On Tue, Sep 20, 2016 at 5:00 PM, Rob Herring <r...@kernel.org> wrote:
> On Mon, Sep 12, 2016 at 10:50:40PM +0200, Geert Uytterhoeven wrote:
>> Signed-off-by: Geert Uytterhoeven <geert+rene...@glider.be>
>> - Do not create a child node in SPI slave mode. Instead, add an
>> "spi-slave" property, and put the mode properties in the controller
>> Documentation/devicetree/bindings/spi/spi-bus.txt | 34
>> 1 file changed, 21 insertions(+), 13 deletions(-)
>> diff --git a/Documentation/devicetree/bindings/spi/spi-bus.txt
>> index 17822860cb98c34d..1ae28d7cafb68dc5 100644
>> --- a/Documentation/devicetree/bindings/spi/spi-bus.txt
>> +++ b/Documentation/devicetree/bindings/spi/spi-bus.txt
>> @@ -1,17 +1,23 @@
>> SPI (Serial Peripheral Interface) busses
>> -SPI busses can be described with a node for the SPI master device
>> -and a set of child nodes for each SPI slave on the bus. For this
>> -discussion, it is assumed that the system's SPI controller is in
>> -SPI master mode. This binding does not describe SPI controllers
>> -in slave mode.
>> +SPI busses can be described with a node for the SPI controller device
>> +and a set of child nodes for each SPI slave on the bus. The system's SPI
>> +controller may be described for use in SPI master mode or in SPI slave mode,
>> +but not for both at the same time.
>> -The SPI master node requires the following properties:
>> +The SPI controller node requires the following properties:
>> +- compatible - name of SPI bus controller following generic names
>> + recommended practice.
> We'll probably need some way to define what interface/protocol
> the slave has. Perhaps the most specific compatible should be the
> protocol the slave uses? Maybe that is how you use a child node?
That was indeed an advantage of using a child node (which you suggested
_not_ doing in your review of v1?): you can specify which protocol to use.
In v2, the protocol is specified through sysfs, like for i2c slave.
Note that SPI is different than I2C: an SPI slave is connected to a single
master, and can assume a single role only, while I2C is a shared bus, and
a slave can assume multiple roles (an I2C slave can respond to multiple
addresses, and can e.g. provide more than one software I2C EEPROM).
So you could argue the protocol is fixed by the hardware topology, cfr.
>> +In master mode, the SPI controller node requires the following additional
>> - #address-cells - number of cells required to define a chip select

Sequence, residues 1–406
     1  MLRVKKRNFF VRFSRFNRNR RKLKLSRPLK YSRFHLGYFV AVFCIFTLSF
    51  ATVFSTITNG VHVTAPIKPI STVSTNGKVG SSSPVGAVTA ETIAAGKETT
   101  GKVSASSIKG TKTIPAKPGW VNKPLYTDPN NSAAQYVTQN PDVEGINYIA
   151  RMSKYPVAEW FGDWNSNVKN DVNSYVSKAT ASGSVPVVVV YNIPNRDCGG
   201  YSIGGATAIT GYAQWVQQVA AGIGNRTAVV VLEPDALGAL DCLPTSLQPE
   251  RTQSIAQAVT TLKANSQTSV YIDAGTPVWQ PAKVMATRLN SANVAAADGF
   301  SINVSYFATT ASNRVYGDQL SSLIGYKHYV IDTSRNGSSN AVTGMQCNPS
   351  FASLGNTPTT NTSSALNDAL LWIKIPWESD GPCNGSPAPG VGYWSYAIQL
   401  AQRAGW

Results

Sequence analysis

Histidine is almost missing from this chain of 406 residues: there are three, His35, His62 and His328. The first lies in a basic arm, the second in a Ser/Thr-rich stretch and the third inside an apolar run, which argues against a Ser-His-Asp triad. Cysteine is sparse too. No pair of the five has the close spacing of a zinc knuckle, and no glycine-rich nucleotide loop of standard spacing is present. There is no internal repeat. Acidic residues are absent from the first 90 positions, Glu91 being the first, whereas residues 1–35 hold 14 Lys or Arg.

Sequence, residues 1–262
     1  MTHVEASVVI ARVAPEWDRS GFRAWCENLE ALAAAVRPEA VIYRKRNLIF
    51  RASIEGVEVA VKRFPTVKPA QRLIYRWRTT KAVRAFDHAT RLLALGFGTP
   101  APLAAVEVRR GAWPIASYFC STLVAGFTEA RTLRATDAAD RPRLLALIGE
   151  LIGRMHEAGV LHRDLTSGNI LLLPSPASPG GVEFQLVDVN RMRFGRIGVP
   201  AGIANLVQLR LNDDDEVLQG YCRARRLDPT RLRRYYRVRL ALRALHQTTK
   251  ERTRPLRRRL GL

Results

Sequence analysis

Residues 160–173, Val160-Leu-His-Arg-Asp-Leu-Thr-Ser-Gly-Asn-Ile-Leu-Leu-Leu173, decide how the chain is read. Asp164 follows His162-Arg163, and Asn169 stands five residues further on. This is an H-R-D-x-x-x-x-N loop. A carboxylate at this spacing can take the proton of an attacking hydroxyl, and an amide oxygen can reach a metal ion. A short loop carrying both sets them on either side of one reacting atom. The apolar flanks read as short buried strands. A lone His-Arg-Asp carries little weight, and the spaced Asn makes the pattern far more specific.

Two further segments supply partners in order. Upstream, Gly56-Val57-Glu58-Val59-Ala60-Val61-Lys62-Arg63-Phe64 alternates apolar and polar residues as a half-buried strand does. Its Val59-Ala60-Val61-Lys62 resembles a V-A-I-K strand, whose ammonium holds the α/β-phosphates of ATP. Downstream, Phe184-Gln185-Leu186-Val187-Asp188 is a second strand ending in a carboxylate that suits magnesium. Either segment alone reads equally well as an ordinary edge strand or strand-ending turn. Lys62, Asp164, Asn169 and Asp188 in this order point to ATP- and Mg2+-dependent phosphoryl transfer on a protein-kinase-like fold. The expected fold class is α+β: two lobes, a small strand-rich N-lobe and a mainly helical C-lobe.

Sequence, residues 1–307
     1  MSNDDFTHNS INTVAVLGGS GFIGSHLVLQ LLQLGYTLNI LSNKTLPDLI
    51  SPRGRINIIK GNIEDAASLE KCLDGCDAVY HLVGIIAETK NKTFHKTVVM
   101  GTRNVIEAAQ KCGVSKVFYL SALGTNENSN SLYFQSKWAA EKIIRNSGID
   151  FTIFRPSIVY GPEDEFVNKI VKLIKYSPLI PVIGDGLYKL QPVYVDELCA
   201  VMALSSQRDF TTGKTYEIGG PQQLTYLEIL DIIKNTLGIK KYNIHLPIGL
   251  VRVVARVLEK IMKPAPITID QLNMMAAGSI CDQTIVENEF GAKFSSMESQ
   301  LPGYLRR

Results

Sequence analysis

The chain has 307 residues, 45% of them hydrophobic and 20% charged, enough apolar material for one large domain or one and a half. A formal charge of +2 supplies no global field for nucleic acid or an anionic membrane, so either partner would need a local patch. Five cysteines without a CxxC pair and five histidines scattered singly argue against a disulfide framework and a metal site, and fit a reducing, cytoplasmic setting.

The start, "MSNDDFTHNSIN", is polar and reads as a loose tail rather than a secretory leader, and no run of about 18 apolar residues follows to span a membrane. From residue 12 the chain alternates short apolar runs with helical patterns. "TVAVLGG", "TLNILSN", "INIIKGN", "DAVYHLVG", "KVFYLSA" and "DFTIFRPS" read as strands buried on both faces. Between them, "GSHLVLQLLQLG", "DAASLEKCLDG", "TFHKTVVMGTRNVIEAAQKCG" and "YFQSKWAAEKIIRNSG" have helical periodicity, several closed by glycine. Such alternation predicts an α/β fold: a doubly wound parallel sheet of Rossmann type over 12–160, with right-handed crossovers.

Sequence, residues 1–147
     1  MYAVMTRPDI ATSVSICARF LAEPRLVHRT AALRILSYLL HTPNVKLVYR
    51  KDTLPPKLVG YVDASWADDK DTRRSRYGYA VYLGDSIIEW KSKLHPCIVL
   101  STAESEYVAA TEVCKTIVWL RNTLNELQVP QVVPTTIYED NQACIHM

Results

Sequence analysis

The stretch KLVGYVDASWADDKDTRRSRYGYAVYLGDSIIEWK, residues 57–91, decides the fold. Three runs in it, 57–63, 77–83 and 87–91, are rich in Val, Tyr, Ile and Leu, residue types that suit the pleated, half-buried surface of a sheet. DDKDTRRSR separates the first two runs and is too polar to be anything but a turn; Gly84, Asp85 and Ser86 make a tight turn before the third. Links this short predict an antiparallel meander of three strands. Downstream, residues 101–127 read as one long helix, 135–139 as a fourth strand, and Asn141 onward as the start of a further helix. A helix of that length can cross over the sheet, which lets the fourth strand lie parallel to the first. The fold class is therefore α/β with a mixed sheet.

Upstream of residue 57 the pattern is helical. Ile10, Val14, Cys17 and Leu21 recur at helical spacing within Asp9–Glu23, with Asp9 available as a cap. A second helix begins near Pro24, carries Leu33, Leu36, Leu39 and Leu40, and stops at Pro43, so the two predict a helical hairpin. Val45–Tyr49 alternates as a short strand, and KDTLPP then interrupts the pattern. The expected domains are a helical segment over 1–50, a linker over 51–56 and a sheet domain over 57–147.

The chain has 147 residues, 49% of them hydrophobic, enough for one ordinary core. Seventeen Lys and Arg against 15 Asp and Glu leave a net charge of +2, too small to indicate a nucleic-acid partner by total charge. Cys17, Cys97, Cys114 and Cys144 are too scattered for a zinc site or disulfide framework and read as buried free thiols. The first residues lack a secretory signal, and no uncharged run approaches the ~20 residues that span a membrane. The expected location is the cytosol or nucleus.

>> address on the SPI bus.
>> - #size-cells - should be zero.
>> -- compatible - name of SPI bus controller following generic names
>> - recommended practice.
>> +In slave mode, the SPI controller node requires one additional property:
>> +- spi-slave - Empty property.
>> No other properties are required in the SPI bus node. It is assumed
>> that a driver for an SPI bus device will understand that it is an SPI bus.
>> However, the binding does not attempt to define the specific method for
>> @@ -21,7 +27,7 @@ assumption that board specific platform code will be used
>> to manage
>> chip selects. Individual drivers can define additional properties to
>> support describing the chip select layout.
>> -Optional properties:
>> +Optional properties (master mode only):
>> - cs-gpios - gpios chip select.
>> - num-cs - total number of chipselects.
>> @@ -41,12 +47,14 @@ cs1 : native
>> cs2 : &gpio1 1 0
>> cs3 : &gpio1 2 0
>> -SPI slave nodes must be children of the SPI master node and can
>> -contain the following properties.
>> -- reg - (required) chip select address of device.
>> +In master mode, SPI slave nodes must be children of the SPI controller node.
>> +In slave mode, the (single) slave device is represented by the controller
>> +itself. SPI slave nodes can contain the following properties.
> I find this a bit confusing as you talk about master mode, then slave
> mode, then slave nodes (master mode again).
The last part is actually about both master and slave mode: in slave mode,
the properties apply to the controller node itself, instead of to child nodes.
I wanted to reuse as much of the existing text as possible.
But I agree the description could use some refactoring.
Thanks for your comments!
Geert Uytterhoeven -- There's lots of Linux beyond ia32 -- ge...@linux-m68k.org
In personal conversations with technical people, I call myself a hacker. But
when I'm talking to journalists I just say "programmer" or something like that.
-- Linus Torvalds